Painful Sex And What To Do

Experience pain during sex regularly can be a major obstacle to the happy development of a relationship. The anxiety of chronic pain can trigger avoidance behaviour, leading us to dodge activity that might lead to sex, like kissing, touching, or intimacy in general. Even going to bed at the same time can fall away due to the threat of the pain of sex. 

But, with some honesty and some open, if difficult, conversation, it’s possible to overcome this problem and get back to a happy relationship.

Painful sex

Planning & Negotiation

The best thing a couple can do in this situation is to have a plan for it. If sex is painful, a medical diagnosis, and then a second opinion, and even a third, is really important. There are a few things it could be: dyspareunia, vulvodynia, vestibulitis, vaginismus, or another, more general pain condition. Understanding your condition and its effects is essential, and the more you learn about the pros and cons of the available solutions will be helpful.

Step one is to seek professional medical help. That should be a given. But it’s not the end of the story. Once you have a diagnosis, you need to plan with your partner the best way to handle intimacy. Avoiding the issue, which is the easiest way to deal with it, will only contribute to the problem in the long run. 

Make an agreement to be intimate with each other at set times in the week. In these times, agree to kiss, touch, massage, and shower together, and engage in mutual masturbation and oral sex. Take the effort to communicate what feels good and what doesn’t so you can both learn what’s pleasurable.

Dialogue & Feelings

You need to make time as a couple to discuss the feelings that arise from the acknowledgment that sex is painful. Ignoring the issue, or hoping that it will simply sort itself out, will lead to further disappointment, which might contribute to the breakdown of the relationship. Counseling is invaluable for this, either as a couple, or alone if that’s more comfortable.

Talking about intimacy and keeping it important in the relationship is central, even if intercourse is off the table. But it’s important to stress: intimacy is not defined by sexual intercourse.

When The Iron’s Hot

Often, after sex has been associated with pain for long enough, the concept of pleasurable sexual activity can feel like a foreign concept. But there are exceptions, and there are times when your body will be unusually receptive to sex. There are times that defy expectations, and sex feels good. If sex is generally painful most of the time, instead of all the time, make a note of when it feels good and see if you can spot any patterns, any common behaviour that seems to encourage pleasurable sex over pain. Use this list to refine exactly what it is you enjoy about intimacy, and focus on those things.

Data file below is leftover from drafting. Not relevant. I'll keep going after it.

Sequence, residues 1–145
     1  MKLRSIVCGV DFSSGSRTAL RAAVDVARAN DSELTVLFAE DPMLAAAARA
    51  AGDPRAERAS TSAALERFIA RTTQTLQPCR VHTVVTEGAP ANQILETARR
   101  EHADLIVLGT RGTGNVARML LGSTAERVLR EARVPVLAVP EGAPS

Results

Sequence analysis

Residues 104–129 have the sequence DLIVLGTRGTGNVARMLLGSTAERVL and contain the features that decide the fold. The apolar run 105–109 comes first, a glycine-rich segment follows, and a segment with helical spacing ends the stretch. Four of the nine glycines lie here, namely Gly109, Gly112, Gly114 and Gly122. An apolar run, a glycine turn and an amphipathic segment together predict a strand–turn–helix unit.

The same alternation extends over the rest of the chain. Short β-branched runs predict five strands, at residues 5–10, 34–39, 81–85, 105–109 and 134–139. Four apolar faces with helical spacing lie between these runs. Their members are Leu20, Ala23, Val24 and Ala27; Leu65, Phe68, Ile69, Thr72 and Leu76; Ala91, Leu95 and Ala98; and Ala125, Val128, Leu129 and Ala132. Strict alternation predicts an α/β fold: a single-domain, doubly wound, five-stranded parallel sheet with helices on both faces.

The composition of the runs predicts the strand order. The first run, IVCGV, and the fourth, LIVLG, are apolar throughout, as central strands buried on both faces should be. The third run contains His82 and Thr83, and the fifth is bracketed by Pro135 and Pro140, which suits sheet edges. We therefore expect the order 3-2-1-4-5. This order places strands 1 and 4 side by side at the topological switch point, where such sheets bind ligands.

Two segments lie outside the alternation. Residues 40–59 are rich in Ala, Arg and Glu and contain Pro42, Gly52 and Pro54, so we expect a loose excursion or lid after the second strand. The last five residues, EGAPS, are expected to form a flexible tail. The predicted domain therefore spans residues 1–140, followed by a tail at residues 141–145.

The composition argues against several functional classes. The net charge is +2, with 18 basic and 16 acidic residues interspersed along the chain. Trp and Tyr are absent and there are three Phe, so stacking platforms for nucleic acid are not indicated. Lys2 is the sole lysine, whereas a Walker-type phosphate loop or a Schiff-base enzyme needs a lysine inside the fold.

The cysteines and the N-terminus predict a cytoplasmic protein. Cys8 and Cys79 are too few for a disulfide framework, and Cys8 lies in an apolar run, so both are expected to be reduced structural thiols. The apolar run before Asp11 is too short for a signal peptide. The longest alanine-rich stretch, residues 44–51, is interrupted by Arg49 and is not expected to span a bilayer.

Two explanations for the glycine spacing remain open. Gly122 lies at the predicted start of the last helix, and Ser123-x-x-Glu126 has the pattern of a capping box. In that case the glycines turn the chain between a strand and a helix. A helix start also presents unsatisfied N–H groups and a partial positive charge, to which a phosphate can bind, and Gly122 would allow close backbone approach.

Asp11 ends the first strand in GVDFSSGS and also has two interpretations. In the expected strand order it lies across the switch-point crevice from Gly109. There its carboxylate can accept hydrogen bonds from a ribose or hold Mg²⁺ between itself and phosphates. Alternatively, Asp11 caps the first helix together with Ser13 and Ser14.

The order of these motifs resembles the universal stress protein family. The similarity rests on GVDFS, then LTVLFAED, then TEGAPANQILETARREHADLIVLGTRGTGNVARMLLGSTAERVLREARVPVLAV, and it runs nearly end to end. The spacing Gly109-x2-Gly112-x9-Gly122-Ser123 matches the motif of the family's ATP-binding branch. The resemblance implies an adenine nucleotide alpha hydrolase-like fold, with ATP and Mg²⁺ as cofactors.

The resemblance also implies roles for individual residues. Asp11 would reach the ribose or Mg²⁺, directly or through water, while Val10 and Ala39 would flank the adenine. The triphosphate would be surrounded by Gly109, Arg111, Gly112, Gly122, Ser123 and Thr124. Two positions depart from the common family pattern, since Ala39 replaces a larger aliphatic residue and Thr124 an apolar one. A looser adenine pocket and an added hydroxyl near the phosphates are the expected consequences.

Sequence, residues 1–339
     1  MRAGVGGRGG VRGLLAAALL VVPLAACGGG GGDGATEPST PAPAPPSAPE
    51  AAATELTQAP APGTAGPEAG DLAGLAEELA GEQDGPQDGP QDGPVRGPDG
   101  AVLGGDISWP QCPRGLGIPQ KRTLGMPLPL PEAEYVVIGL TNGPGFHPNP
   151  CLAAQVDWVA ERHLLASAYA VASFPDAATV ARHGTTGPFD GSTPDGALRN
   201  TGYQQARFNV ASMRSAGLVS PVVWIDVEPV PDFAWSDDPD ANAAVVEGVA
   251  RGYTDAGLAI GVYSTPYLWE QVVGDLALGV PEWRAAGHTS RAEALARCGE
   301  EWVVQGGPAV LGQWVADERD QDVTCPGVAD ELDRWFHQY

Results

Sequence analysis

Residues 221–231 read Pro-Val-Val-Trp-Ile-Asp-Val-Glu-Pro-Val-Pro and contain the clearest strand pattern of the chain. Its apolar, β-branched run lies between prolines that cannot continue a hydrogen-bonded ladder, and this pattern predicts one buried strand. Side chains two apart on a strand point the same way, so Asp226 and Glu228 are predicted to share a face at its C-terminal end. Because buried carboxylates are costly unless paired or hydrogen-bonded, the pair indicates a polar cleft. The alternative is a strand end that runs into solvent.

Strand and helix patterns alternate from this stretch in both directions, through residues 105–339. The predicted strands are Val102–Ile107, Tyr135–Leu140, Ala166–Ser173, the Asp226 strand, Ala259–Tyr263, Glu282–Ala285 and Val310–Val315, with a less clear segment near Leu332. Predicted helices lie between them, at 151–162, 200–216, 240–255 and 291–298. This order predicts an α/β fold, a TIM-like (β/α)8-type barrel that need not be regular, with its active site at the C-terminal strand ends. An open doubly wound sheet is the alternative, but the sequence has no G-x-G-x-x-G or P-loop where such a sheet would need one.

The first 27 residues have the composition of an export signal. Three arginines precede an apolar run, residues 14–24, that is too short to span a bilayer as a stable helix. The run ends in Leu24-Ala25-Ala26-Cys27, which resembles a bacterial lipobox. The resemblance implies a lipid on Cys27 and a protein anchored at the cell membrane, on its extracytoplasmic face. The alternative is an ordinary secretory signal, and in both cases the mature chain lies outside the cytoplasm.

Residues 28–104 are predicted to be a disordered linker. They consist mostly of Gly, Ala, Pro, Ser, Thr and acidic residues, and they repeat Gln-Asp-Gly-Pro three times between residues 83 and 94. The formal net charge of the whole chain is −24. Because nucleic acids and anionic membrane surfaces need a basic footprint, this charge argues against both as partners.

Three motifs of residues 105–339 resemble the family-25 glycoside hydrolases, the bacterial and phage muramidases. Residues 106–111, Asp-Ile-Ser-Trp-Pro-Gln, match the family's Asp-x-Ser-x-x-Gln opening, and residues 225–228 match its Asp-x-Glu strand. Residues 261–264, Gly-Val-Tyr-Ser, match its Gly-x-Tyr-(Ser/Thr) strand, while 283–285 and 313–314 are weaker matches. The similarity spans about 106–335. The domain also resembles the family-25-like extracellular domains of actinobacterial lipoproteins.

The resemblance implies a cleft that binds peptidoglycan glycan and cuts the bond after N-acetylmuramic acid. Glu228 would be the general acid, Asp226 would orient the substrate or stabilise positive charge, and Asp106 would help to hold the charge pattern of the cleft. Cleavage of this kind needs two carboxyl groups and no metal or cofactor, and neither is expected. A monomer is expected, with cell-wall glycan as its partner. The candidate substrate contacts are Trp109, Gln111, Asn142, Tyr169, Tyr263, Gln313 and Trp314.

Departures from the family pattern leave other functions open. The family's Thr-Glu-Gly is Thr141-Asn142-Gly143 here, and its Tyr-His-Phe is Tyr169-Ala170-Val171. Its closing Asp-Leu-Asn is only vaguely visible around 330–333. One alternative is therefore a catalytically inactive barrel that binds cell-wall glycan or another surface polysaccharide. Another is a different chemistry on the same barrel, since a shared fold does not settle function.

Sex Toys & Lube

This might be the right time to introduce some new and alternative ideas into your sexual activity. Lubricants and personal moisturizers are extremely helpful for easing the transition into sex, and can assist in the symptoms of painful sex, like dryness and irritation. They can also help to desensitise you, enhancing the pleasure of sex. Of course, it’s important to find pH balanced, natural lubricants.

Don’t be afraid to incorporate sex toys into the mix too. The use of a vibrator can help you still be sexual with a partner, and perhaps achieve orgasm, and many LELO pleasure products are not designed for penetration at all. (The LELO Smart Wand is a particularly versatile item.) consider shopping for sex toys as a port of solution-finding, and with the right atmosphere and attitude, it can be become a fun and intimate foreplay ritual.

Stay Strong

Never give up on the idea of having pleasurable sex. Listen to your diagnosis and follow its advice, and seek out the experiences online of those who have experienced similar pain and overcome it. Sex is not the be all and end all, and should not be the sole foundation of any healthy relationship. But stick with it, and keep the discussion open and honest, both about your desires and pain. Taking charge of the problem can help a couple suffer significantly less distress and understanding the cause and treatments for painful sex can put you back on the road to success.

Written by: Stuart Nugent

With 16 years in the adult industry, including many years at LELO, it's fair to say Stu has been around the sex toy block a few times. As LELO's resident sex geek, he's been featured in the Independent, the Guardian, HuffPost, Vice, Cosmopolitan, and anywhere people talk about sex. Here on Volonte, he turns his spotlight onto the important events affecting sex right now in a regular op-ed. Views are his own.

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